This is the big one. It makes steel and aluminum tariffs look like a game.
If this is true – it was leaked by a “source familiar with international trade” to the Nikkei Asian Review and isn’t based on a White House announcement – then it’s going to add a lot of fuel to the already heated trade dispute between the US and China, and may ultimately make the steel and aluminum tariffs look like a game.
To punish China for its intellectual property theft, including IP infringements such as counterfeiting, and to retaliate against Chinese investment rules that require technology transfers to Chinese partners in order to set up shop in China, the Trump administration is considering a proposal by the Office of the US Trade Representative (USTR) that would impose:
- Tariffs on a large variety of Chinese products, including tech products and consumer goods like clothing.
- Restrictions on investment by Chinese companies in the US, the first impact of which we have already seen by Trump’s order yesterday blocking all Chinese takeovers of large US tech companies.
- And limits on visas for certain Chinese nationals.
The USTR also urged US allies, including Japan, to implement similar measures and synchronize their policies, according to the “source familiar with international trade,” cited by the Nikkei Asian Review.
Germany, Japan, and other countries have long fumed over the required technology transfers to Chinese partners. At the same time, Chinese companies, often state-owned, have been on a shopping spree in Germany, going after robotics know-how and other industries, which has caused a lot of soul-searching in the business community in Germany. Japan too “has long opposed China’s intellectual property practices,” as the Nikkei put it. Now the USTR has asked these countries to do something about it.
The probe by the USTR started in August last year, invoking Section 301 of the US Trade Act of 1974. The act, because it conflicts with WTO rules against imposing trade restrictions unilaterally, hasn’t been used since 1995, when the WTO began sorting out trade disputes.
But in August 2017, the USTR announced that it had “formally initiated” an investigation of China under Section 301:
The investigation will seek to determine whether acts, policies, and practices of the Government of China related to technology transfer, intellectual property, and innovation are unreasonable or discriminatory and burden or restrict U.S. commerce.
The investigation would “look into Chinese laws, policies, and practices which may be harming American intellectual property rights, innovation, or technology development.”
Section 301 of the Trade Act of 1974, as amended, gives the U.S. Trade Representative broad authority to respond to a foreign country’s unfair trade practices. If USTR makes an affirmative determination of actionable conduct, it has the authority to take all appropriate and feasible action to obtain the elimination of the act, policy, or practice, subject to the direction of the President, if any. The statute includes authorization to take any actions that are within the President’s power with respect to trade in goods or services, or any other area of pertinent relations with the foreign country.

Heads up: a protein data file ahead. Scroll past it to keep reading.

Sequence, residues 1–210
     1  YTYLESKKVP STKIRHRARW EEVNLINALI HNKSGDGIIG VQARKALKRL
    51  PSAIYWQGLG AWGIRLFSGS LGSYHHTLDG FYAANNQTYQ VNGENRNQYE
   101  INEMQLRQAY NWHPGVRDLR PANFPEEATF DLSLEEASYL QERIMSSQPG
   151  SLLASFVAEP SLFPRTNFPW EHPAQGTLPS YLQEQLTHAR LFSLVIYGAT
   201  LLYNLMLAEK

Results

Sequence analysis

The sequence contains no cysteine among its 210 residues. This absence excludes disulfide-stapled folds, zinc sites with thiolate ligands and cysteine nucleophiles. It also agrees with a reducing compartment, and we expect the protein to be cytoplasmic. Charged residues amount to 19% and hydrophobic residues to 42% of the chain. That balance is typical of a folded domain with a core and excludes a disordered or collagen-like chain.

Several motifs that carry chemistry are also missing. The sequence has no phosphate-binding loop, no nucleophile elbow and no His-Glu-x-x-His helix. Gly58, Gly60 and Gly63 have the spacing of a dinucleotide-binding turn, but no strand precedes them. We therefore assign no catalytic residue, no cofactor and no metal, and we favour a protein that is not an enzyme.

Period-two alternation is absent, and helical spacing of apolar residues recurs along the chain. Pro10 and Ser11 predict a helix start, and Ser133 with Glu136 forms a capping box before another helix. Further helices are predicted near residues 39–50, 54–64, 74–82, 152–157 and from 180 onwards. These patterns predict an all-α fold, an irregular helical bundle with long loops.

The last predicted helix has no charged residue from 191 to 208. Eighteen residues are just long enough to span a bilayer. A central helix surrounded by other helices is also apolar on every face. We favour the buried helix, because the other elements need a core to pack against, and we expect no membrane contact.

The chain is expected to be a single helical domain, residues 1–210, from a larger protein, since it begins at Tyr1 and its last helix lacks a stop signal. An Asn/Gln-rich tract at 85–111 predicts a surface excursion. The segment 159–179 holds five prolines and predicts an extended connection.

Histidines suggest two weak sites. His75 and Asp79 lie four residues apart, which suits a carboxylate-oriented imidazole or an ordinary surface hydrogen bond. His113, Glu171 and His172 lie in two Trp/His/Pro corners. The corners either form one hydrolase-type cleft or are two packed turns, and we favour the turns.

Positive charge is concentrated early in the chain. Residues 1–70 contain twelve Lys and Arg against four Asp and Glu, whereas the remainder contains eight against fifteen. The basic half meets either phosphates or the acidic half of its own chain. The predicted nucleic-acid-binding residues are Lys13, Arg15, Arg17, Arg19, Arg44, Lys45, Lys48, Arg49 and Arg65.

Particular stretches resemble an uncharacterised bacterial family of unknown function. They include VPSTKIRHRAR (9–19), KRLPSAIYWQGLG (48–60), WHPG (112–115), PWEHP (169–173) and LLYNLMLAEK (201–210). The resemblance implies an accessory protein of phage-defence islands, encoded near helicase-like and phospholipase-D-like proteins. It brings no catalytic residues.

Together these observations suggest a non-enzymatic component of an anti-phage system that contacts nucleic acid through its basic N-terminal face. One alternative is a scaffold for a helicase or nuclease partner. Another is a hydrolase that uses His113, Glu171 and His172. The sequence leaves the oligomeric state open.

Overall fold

Trump had pledged to crack down on the causes of the huge US trade deficit. In terms of the magnitude of the trade deficit, no country comes even close to China (chart shows China and Hong Kong combined due the transshipments via Hong Kong):
The trade deficit in goods alone was $796 billion in 2017, of which the deficit with China accounted for $342 billion. China exported to the US three times as much as it imported from the US.
Though the USTR has tried to get US allies on board, at least the Japanese government rejected the proposal, saying that it would be difficult to implement since Japan lacks a law similar to Section 301, a US trade official told the Nikkei. The official said that Japan had proposed instead a joint suit against China via the WTO. That would make sense to say for Japan; it has only a small trade deficit with China/Hong Kong and in many months a trade surplus.
That the Trump administration invoked Section 301 rattled the Chinese government. In February, it sent its top diplomat, Yang Jiechi, to Washington on a fence-mending mission. This resolved nothing. At the beginning of March, it sent President Xi Jinping’s top economic adviser, Liu He, for a bigger five-day fence-mending mission.
It was doomed from the beginning. China had planned to send a delegation of about 40 people along with Liu He, sources told the SCMP, but the US government objected, and in the end the delegation was cut to about 10.
Liu met with Treasury Secretary Steven Mnuchin, US Trade Representative Robert Lighthizer, and White House economic adviser Gary Cohn, and afterward announced China’s intention to reduce its trade surplus with the US. According to the SCMP, Chinese state media portrayed Liu’s mission positively.
But on March 7, after the mission was over, Trump tweeted: “The U.S. is acting swiftly on Intellectual Property theft. We cannot allow this to happen as it has for many years!” It seems to have been an apt suggestion that the USTR’s proposal was on the way. The proposal’s drastic remedies and the chance that Trump would support them might have been the real reason why Cohn quit, rather than the now softened steel and aluminum tariffs that seemed to be hitting the wrong targets.
Trump’s Executive Order blocked not only the $117-billion hostile takeover of Qualcomm, but any “substantially equivalent” foreign takeover in the future. Read… Trump’s Order Stops ALL Foreign Takeovers of Large US Tech Companies
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